It sounds like something we’d hear from deep space. Strange, blipping radio signals being emitted by stellar objects. In reality, they’re just normal cars and trucks, driving down the road. City Symphonies, by Mark McKeague, is traffic as you’ve never heard it before. Rather than a future of honking and squeaky brakes, McKeague imagines silent electric cars that create music through their interactions.
“If we look at the development of musical instruments and venues through history we can see how these allowed new types of sounds to emerge. With new technology, what will our future sounds be?” McKeague asks Co.Design. “In this case I saw the perfect opportunity, with the sensor-aware networked electric cars as the instruments and the street the concert hall.”
City Symphonies in its current iteration is a computer simulation. It starts with a map of famous London intersections that McKeague drew himself from satellite imagery. Your eyes aren’t fooling you: By design, the streets ever so slightly resemble bars of music. “By creating a new map it can be used as a way of looking at traffic in an abstract way and seeing the patterns that emerge. In this sense it acts like music notation--this time the city is the score,” he writes. And, drawing these maps himself allowed him to attenuate street data. OpenStreetMap--the technology behind a majority of experimental map applications today--gave him “too much information” to make sense of, so he simplified the model.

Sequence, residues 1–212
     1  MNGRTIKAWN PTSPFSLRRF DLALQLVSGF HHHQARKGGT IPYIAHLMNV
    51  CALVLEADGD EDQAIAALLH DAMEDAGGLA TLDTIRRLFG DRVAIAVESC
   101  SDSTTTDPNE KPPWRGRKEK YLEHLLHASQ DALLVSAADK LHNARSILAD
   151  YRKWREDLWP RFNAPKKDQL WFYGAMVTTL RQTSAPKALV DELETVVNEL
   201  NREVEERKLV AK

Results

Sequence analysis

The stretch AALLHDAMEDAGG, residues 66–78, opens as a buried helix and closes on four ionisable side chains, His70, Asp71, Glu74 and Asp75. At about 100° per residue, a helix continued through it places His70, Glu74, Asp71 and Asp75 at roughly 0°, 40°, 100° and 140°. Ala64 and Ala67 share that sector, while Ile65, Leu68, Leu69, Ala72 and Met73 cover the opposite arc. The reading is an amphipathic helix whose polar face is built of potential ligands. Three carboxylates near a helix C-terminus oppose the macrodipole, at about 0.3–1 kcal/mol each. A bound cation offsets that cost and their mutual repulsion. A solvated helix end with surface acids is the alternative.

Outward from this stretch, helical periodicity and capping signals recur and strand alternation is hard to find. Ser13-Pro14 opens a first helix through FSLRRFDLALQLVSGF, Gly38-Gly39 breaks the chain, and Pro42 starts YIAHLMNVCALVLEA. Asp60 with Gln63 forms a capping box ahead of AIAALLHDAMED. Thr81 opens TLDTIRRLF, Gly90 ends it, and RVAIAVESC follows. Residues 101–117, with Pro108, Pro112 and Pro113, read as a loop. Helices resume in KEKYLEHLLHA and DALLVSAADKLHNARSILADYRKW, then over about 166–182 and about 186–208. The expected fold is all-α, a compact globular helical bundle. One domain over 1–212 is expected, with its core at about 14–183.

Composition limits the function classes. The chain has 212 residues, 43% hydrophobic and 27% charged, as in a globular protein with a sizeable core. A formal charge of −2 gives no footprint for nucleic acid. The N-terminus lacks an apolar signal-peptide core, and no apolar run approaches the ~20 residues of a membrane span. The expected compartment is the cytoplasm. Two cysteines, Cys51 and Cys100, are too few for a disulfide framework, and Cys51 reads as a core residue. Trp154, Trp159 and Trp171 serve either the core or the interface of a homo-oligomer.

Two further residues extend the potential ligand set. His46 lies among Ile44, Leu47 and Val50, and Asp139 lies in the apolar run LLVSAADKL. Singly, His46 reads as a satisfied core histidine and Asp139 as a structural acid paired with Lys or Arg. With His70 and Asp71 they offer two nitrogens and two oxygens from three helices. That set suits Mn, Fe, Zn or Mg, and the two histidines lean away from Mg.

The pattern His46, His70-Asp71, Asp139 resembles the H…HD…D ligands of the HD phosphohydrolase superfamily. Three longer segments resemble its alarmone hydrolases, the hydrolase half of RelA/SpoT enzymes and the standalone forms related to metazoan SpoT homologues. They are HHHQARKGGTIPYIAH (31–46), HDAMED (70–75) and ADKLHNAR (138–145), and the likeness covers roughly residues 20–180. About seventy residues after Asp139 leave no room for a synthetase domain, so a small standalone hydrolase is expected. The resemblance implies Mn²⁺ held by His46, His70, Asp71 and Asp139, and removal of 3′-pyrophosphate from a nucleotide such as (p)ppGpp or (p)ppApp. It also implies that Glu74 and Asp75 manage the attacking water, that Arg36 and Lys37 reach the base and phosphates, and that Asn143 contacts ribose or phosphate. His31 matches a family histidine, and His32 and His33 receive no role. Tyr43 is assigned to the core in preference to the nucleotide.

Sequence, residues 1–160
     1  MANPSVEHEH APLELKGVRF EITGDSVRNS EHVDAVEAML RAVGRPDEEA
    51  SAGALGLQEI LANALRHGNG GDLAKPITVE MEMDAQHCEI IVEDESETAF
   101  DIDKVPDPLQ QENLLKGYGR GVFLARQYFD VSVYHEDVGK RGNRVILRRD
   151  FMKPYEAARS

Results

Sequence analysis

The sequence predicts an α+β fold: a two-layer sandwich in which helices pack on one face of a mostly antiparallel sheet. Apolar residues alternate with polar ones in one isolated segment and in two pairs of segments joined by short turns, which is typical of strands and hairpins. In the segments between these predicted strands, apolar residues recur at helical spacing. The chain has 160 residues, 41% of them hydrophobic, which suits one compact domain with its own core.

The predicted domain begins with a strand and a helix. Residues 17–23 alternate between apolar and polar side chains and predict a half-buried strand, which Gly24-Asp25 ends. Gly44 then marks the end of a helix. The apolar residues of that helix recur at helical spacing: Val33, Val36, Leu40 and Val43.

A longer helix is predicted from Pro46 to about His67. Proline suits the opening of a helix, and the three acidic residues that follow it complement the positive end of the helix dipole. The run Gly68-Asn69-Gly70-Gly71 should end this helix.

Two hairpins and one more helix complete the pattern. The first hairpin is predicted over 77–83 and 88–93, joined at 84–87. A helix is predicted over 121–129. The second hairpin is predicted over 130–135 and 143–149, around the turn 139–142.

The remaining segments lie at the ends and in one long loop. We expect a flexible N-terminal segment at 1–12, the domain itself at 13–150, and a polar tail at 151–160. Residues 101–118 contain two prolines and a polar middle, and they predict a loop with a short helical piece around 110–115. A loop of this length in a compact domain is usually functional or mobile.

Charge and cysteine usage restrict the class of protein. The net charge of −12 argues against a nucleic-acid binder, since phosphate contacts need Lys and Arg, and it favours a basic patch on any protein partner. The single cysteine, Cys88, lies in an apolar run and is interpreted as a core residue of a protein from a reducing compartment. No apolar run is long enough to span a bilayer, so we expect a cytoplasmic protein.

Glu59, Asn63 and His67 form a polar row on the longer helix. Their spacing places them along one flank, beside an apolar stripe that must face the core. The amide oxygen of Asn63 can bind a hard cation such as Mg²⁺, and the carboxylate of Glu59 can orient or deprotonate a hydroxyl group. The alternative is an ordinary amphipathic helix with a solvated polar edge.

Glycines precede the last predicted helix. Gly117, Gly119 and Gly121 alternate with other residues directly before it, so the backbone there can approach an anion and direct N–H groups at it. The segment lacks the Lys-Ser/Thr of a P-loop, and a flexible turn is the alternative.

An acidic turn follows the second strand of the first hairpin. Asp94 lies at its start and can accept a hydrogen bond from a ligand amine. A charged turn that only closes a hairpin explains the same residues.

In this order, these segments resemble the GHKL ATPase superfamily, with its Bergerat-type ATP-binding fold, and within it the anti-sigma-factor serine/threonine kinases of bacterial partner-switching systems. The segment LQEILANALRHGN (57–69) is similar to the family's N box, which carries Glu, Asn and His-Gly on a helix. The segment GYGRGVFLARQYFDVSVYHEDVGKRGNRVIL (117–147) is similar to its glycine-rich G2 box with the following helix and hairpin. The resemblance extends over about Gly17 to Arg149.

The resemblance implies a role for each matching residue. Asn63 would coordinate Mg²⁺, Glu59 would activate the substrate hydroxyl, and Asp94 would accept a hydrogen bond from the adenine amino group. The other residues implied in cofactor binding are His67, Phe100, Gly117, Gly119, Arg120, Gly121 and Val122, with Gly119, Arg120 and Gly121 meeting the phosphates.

With his map in place, the cars were then added in simulation, obeying the rules of traffic as real cars would. “I spent a lot of time watching traffic trying to assess the different movements and what it would sound like if cars move past at different speeds, but there were too many variables to design the sounds of these cars one by one,” he explains. “So by using the simulation I can sketch out what this would actually sound like with numerous cars moving at different speeds and directions, and try out different ideas.”
These virtual cars then make the music through their interactions--via an algorithm--as each overpass and stoplight create different relationships between the vehicles, which in turn generates the dynamic, 3-D soundscape score of the streets. It’s as if London is one giant guitar with a thousand frets, being plucked by countless people in one impossibly complicated, collective tune.
McKeague actually has radio prototypes built to allow cars to communicate with one another, not just in his simulation, but in the real world for an actual, street-level performance. It’s hard to imagine what traffic could sound like if not inundated with cursing and diesel. Then again, that’s the entire reason why McKeague is doing so much imagining.
[Hat tip: Creative Applications]